(Bloomberg) -- Flash-flood warnings, lingering Covid fears, stock-market turbulence: JPMorgan’s big health-care conference in San Francisco has returned without nearly the opulence or excesses of the years before the pandemic.
Parties have been canceled. It’s not impossible to find meeting spaces or restaurant reservations. At the confab’s base at the Westin St. Francis, what’s usually a “zoo” is this year pretty tame, said Bob White, an executive vice president at Medtronic Plc who runs the medical surgical portfolio.
“This isn’t chaotic at all,” said White, who’s been to the conference about a dozen times. “The energy is really good, but it’s even less intense than the previous years have been. Getting through those hallways in years past was much more chaotic than it was this week.”
The JPMorgan Healthcare Conference isn’t your average industry get-together. It’s where the heads of the world’s biggest drug companies publicly share their strategies with thousands of investors while privately brokering multibillion-dollar deals on the sidelines. Attendees swarm downtown San Francisco each January, with hotels near and not-so-near the Westin jacking up rates to $1,000-a-night or more, leading to inevitable complaints from attendees about the crowds and accommodations in a notoriously pricey city.
This week marks the return of the in-person event for the first time in three years, and JPMorgan restricted attendance to 8,000, down from the typical 10,000. It’s resuming against the backdrop of a dismal year for biotech stocks and a lack of dealmaking as debt markets churn. Some private-equity firms opted not to send any representatives, viewing the conference as a potential waste of time given the lack of imminent business opportunities.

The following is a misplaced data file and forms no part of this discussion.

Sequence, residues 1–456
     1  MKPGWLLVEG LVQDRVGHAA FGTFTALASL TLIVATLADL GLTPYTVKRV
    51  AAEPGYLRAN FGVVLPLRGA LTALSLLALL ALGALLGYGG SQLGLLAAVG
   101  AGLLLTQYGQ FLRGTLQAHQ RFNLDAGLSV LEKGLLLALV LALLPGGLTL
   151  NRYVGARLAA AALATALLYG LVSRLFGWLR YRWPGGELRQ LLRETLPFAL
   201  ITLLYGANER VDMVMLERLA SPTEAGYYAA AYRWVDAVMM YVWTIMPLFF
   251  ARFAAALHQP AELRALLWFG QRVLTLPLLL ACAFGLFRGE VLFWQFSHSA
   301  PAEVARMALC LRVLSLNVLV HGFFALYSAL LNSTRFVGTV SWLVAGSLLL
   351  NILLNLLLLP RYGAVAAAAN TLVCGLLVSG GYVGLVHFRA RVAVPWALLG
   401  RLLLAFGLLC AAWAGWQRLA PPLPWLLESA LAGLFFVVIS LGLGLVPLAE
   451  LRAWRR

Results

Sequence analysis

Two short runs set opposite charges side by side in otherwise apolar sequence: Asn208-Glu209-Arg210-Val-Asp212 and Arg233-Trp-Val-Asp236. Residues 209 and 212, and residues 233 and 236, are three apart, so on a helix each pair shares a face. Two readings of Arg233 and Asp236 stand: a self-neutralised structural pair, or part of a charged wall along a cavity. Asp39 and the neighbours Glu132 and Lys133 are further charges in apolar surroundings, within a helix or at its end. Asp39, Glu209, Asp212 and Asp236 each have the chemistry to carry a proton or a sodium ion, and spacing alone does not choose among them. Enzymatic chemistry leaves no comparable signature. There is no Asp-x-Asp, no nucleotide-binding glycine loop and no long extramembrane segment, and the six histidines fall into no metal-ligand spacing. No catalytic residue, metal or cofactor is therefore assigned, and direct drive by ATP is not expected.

“We’re hearing that people want to be present but at a smaller scale,” said Subin Baral, who leads accounting and consulting firm EY’s global life sciences deals group.
EY decided not to host its annual “Circus before the Circus” cocktail party that traditionally took place the Sunday before the conference after it heard that several global companies were sending fewer representatives than in previous years, according to Baral. Lazard Ltd. also canceled a planned cocktail event Monday night.
Some attendees shortened their trips, flying in for presentations and departing, a contrast to previous years when people would stay several days. One boutique investment banker who normally attends for the whole week has found he has better interactions with CEOs over Zoom, and only set up four face-to-face meetings. Because hotel rooms have gotten so expensive, he decided not to book one and instead flew in and out in one day.
In the past, hotels sometimes charged hundreds of dollars or more for the use of their lobby tables for those who couldn’t find meeting space elsewhere. This year, it was surprisingly easy to find a seat in the lounge at the Four Seasons on Tuesday morning. Over at the St. Regis, there were several open tables in the restaurant at lunchtime.
Some gatherings weren’t scrapped altogether, but rather toned down. Canaan, a venture capital firm, normally hosts a dinner for women investors in life sciences. This year, the group opted to do it as a grab-and-go breakfast networking event instead. The Covid cancellations in recent years made it difficult to commit to organizing a dinner, which require substantial planning and financial outlays in advance.